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Chris Stapleton: A New Old-Fashioned Country Star (Part One)



Photo Credit: Andy Barron

Ninety years ago country musicians with beards and hats sang songs about life and love with guitars in their hands.

In 2017 we have Chris Stapleton. The musicians of the 1930s were poor and trotted gamely from radio station to roadhouse to play for poor folk; in the time of widespread civil disparity between haves and have-ain’ts, it can be unfair to ask for singers to give us relief.

But just listen to any Chris Stapleton song and it could be 1935, 1965, 1995 or 2017. He took his time, but the time is right for Chris to represent what country music is about. After Zac Brown and Brad Paisley, thanks to his massive debut release Traveller, Chris Stapleton shares with those acts both critical and commercial acclaim. He is well-liked as a performer and songwriter, and can silence vast arenas with just his voice and a guitar.

An interview with CBS’s Anthony Mason had him discussing his position as so-called saviour of a genre dominated by bros.

‘I don’t see myself as fighting the good fight. It gets made up in media and culture.

‘I always feel like if you don’t like one kind of music or the other, it’s not for you. I’m only worried about what I’m doing, how I present music. I try to do things I want to listen to.’

There’s two kinds of songs on the radio, he added: hits, and ‘ones that move the needle. I don’t know the difference but you try to be as timeless as you can be.

‘We need the hits for the sake of being hits, because they pay for the “move the needle” songs. They’re all part of the same wheel. One’s not good, one’s not evil. Nobody wants to sit around and listen to “I really have to analyse these lyrics” songs all the time.’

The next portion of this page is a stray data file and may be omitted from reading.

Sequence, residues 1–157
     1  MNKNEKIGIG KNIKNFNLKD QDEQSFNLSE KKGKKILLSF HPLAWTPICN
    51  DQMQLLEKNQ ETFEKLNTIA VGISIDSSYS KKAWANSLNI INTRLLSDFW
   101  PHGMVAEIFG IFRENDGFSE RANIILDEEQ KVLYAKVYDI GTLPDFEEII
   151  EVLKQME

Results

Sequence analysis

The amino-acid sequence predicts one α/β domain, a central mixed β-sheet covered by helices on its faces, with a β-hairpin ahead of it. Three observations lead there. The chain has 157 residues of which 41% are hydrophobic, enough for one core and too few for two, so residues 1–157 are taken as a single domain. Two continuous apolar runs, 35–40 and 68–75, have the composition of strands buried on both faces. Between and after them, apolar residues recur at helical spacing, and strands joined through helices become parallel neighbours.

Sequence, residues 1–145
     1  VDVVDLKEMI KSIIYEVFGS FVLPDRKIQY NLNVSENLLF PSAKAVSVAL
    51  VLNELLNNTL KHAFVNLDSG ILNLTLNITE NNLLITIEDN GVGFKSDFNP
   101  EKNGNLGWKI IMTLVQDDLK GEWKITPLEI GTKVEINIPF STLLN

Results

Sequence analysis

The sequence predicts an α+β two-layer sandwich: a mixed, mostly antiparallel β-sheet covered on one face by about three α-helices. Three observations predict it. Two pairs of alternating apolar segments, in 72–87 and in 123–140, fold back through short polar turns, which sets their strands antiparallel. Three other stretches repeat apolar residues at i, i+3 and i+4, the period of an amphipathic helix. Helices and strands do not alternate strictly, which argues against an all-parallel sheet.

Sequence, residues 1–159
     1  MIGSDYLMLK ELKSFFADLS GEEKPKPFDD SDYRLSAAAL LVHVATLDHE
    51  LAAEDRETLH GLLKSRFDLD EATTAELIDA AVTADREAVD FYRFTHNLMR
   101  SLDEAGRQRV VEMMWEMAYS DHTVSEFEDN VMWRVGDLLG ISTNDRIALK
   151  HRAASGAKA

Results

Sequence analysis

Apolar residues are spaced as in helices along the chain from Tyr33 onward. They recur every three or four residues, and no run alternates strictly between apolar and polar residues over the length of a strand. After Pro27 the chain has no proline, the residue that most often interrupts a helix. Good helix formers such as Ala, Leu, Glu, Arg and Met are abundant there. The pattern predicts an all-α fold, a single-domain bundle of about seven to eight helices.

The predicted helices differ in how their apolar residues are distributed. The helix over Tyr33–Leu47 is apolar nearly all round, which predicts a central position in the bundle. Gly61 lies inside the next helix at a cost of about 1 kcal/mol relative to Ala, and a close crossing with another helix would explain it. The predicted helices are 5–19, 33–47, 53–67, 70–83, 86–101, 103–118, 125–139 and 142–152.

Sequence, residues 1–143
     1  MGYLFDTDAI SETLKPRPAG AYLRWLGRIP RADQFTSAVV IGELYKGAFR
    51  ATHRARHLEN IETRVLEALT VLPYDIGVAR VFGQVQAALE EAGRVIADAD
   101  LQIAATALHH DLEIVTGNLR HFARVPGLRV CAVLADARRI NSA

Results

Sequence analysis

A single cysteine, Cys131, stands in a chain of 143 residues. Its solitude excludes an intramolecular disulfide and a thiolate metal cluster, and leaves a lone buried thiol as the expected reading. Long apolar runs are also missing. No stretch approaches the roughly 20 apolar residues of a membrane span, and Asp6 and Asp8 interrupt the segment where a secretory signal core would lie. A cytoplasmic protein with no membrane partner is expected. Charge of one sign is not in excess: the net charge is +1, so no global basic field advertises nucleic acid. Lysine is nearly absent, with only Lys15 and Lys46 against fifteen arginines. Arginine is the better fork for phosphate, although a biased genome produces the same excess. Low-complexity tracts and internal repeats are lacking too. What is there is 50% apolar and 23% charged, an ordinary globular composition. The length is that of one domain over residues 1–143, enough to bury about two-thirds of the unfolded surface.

He expanded on this theme with a metaphor about Japanese cuisine in a great interview with Charlie Rose the week his latest album From A Room: Volume One was released.

‘I don’t like sushi but I don’t get other people to not eat sushi! I grew up landlocked, so we didn’t have many sushi joints. A lot of chatter around music feels to me, one kind of music is right, one kind is wrong. If music makes somebody feel good…’ he trailed off.

In the Beginning was Stapleton

Born in Kentucky from coalmining stock, Chris Stapleton moved to Nashville but dropped out of an engineering degree to play music. He signed to Sea Gayle Publishers, which was set up by the songwriter Chris DuBois to promote great writers and find songs for great new acts to sing.

‘I always played music and sang in church with my brother,’ Chris said to Charlie Rose in 2017. ‘My mum would sing around the house. It was always there.

‘I fell into it maybe through a lack of doing anything else. It found me!’

As he was writing songs he found Morgane, who became his wife and is a songwriter of good repute herself. At the close of 2015, Rolling Stone magazine ran an interview with Chris and Morgane, as they went in to record a cover of You Are My Sunshine, which they perform in their live shows, for Dave Cobb’s Southern Family project. Those words are inscribed, it was revealed to Dave’s surprise, on Chris’s wedding ring.